This month marks the 145th anniversary of the time A. L. Mossman swam across the across the Mississippi River from the foot of Perry Street in Davenport to the ferry dock in Rock Island in seventeen minutes.
Both the Davenport Gazette and the Davenport Democrat applauded his endurance, and Mr. Mossman’s accomplishment was added to the timeline in the 1882 History of Scott County, Iowa, where it was found by our staff a century and a half later.
This seemed like it would make a good post for this blog, so we went to the newspapers to find out the details.
What we found was another swimmer—and perhaps early evidence of the rivalry between two local newspapers.
According to the Davenport Gazette, the day before Mr. Mossman took his historic dip, Louis Hirschel swam the same length in twenty minutes. The Gazette applauded this as an excellent time.
However, the Democrat didn’t mention it, which we thought was a curious omission . . . So we searched a little further in our newspapers and went digging in our city directories
It turns out that Mr. Mossman was the foreman of the Democrat job office. And that the owner of the Gazette, Edward Russell, had a brother on the faculty of the newly established Griswold College—where Louis Hirschel was a student.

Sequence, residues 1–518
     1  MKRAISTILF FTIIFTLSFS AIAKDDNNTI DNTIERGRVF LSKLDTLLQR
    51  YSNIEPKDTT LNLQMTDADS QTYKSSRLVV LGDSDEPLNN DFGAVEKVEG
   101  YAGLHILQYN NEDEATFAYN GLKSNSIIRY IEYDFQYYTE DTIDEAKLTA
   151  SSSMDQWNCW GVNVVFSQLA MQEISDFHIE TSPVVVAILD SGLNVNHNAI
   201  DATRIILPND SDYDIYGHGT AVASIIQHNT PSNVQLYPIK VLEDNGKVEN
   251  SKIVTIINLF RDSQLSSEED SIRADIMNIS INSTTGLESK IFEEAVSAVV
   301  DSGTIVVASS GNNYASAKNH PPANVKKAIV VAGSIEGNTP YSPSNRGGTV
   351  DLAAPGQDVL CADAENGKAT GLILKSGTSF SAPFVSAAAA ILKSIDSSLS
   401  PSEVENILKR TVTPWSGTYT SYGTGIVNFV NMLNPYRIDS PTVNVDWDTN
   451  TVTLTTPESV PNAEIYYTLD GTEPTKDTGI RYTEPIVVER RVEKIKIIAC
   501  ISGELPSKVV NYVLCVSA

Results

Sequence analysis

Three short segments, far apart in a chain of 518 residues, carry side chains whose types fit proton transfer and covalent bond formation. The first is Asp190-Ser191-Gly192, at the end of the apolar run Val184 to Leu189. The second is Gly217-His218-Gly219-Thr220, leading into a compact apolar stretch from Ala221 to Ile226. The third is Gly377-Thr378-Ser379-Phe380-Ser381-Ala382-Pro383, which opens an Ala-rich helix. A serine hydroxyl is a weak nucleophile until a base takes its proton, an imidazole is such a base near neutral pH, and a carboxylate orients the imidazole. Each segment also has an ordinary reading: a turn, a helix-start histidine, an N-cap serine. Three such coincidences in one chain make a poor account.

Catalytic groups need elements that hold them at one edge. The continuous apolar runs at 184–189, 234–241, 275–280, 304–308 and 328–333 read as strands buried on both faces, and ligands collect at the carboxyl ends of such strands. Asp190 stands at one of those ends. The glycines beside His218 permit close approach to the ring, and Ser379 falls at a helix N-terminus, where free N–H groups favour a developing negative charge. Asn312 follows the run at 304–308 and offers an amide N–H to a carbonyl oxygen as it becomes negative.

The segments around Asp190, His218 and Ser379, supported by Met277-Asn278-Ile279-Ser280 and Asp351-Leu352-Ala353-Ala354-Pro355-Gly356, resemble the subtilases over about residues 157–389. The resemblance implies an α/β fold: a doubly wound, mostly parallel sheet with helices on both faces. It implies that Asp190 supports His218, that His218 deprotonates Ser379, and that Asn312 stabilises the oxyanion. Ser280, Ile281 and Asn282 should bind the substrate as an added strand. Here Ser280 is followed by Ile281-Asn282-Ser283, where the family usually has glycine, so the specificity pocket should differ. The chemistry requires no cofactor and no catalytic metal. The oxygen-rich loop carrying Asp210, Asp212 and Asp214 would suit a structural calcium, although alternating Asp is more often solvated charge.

This could explain the Gazette calling Mr. Hirschel a “young acquaintance.’ But it suddenly makes the last sentence of the article seem like more of a challenge than wise advice.
Then again, it may be that we’re seeing what we want to see. We already know that the Gazette and the Democrat would, in later years, each publish politely scathing editorals about each other’s opinions—and one of the hazards of historical research is the tendency to interpret information to fit what we already know, or think we do.
So while it might be fun to imagine pointed remarks in these brief articles, and even create a double-dog dare between two groups of young men, all we can confirm is that two men swam across the Mississippi River in July of 1868,one in twenty minutes and one in seventeen.
We also know that the Gazette was gracious about Mr. Mossman’s breaking of Mr. Hirschel’s record:
And that the Democrat still didn’t mention Mr. Hirschel—at least not directly:
But having said that, we still can’t help thinking that the Democrat’s last sentence seems a bit . . . smug?
(posted by Sarah)